When our van got stuck in the snow years ago, it overheated and caught on fire when I tried to get it unstuck. In hindsight, I should have just waited for the tow truck my husband went to call. Not one of my better decisions.
Stuck in traffic. Stuck in the mud (or snow). Stuck in a rut.
Doesn’t matter what kind of stuck. Frustration grows the longer I’m stuck, whether mentally, physically, or spiritually. The more frustrated I become, the less patience I have, and the more stuck I feel.
Being stuck gets my emotions all riled up, and I simply become unable to make good decisions. Until the frustration, impatience, and anger abate, I feel lost in an endless maze of emotions. So, feeling stuck too easily turns into more like being trapped unless I find a way to overcome the emotions and get unstuck.
For this reason, my first step when I feel stuck is to get out from under out-of-control emotions. Sometimes this means simply walking away from the situation if possible and letting the emotions abate. When physical space can’t happen, I try creating mental space through praying, reading, singing… whatever gets my mind off how I feel, which is rarely a good lens for handling a situation well.
After my emotions fade, I can see more clearly and am able to assess the situation and consider the root cause. I ask myself, “Why did I get stuck in the first place?” Sometimes, the cause is simply a wrong turn. Other times, being stuck serves as a warning from my subconscious (i.e., discernment from the Holy Spirit) alerting me to a problem I might not recognize on my own.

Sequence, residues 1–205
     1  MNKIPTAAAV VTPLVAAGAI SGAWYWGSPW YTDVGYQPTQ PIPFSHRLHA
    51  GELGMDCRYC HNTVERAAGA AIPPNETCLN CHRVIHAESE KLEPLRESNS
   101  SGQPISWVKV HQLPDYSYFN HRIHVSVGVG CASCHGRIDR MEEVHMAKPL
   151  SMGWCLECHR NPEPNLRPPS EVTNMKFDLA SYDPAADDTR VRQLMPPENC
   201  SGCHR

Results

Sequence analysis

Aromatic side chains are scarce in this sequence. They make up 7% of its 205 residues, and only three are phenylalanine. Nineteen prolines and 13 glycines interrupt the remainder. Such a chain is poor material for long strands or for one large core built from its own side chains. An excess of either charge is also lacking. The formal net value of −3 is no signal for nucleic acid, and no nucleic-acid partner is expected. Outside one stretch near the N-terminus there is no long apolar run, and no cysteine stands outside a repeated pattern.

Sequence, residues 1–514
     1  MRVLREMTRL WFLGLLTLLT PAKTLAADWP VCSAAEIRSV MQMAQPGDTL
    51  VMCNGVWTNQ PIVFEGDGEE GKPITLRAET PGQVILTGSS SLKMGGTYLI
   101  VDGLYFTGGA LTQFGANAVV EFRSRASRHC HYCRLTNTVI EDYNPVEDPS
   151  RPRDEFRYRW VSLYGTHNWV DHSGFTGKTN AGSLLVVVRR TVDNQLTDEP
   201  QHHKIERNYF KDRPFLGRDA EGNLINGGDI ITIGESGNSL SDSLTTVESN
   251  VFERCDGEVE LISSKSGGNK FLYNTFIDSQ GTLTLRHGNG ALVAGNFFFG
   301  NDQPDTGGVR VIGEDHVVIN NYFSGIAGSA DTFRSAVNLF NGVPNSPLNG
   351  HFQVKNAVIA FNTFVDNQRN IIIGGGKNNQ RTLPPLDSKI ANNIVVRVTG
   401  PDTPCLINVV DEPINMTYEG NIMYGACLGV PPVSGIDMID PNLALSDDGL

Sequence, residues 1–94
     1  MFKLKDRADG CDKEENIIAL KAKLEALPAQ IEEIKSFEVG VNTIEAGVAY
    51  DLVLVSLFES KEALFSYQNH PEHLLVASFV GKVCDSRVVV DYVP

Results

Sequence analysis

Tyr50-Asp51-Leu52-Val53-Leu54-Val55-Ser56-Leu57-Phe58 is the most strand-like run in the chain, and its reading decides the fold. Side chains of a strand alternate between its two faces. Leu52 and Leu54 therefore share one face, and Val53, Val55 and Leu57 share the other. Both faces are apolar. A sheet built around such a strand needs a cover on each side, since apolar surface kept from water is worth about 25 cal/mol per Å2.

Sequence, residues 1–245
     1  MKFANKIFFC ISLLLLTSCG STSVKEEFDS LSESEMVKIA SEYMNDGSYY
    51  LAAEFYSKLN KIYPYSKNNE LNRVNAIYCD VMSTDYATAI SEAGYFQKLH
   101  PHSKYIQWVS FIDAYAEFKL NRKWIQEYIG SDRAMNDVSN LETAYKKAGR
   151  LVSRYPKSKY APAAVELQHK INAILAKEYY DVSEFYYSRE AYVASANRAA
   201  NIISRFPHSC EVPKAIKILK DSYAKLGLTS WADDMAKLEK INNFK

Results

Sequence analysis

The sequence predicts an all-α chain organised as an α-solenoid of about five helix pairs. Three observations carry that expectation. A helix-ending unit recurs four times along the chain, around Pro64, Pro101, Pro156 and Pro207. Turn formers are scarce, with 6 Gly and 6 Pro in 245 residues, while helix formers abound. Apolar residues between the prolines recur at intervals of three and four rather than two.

With our van incident, while a wrong turn led us to getting stuck, and my impatience resulted in a significantly worse situation, the whole incident alerted us to a problem with the vehicle’s electrical system. In this case, we just lost the van, and no one was hurt. Had this particular situation not happened, we might have learned about the recall through a much worse scenario.
Once we have a better idea of what caused us to become stuck, we can make the best choice for how to wisely work through the problem. If a wrong turn is the cause, the best solution is usually to just get back on the right path. Sometimes this means getting help, and sometimes this means backtracking. Either way, simply accepting the loss — and apologizing if needed — is often the best way to get unstuck.
In the past when I’ve felt stuck, I’ve generally made one of two bad choices for dealing with being stuck. Sometimes, I got stubborn and pushed (forced my way) through to progress. Other times, I did nothing and simply wallowed in my doldrums. Both of these approaches ended the same way: chronic stuckness from never actually dealing with the root cause.
The Best Adjustments
Over the years, I’ve learned that being stuck is not necessarily a bad thing. It brings me to a standstill, to a place where I am unable to proceed or go back, and that makes me stop and think. When I get out from under my emotions and find the root cause, I also discover needed adjustments I would not have seen had I not gotten stuck.
Getting stuck never feels good, regardless of the details. Yet when we realize that the best adjustments in our lives often come because we get stuck, we see the benefit to this unavoidable waiting. We begin to understand that progress often comes with forced course corrections largely because we often don’t stop to look for them otherwise.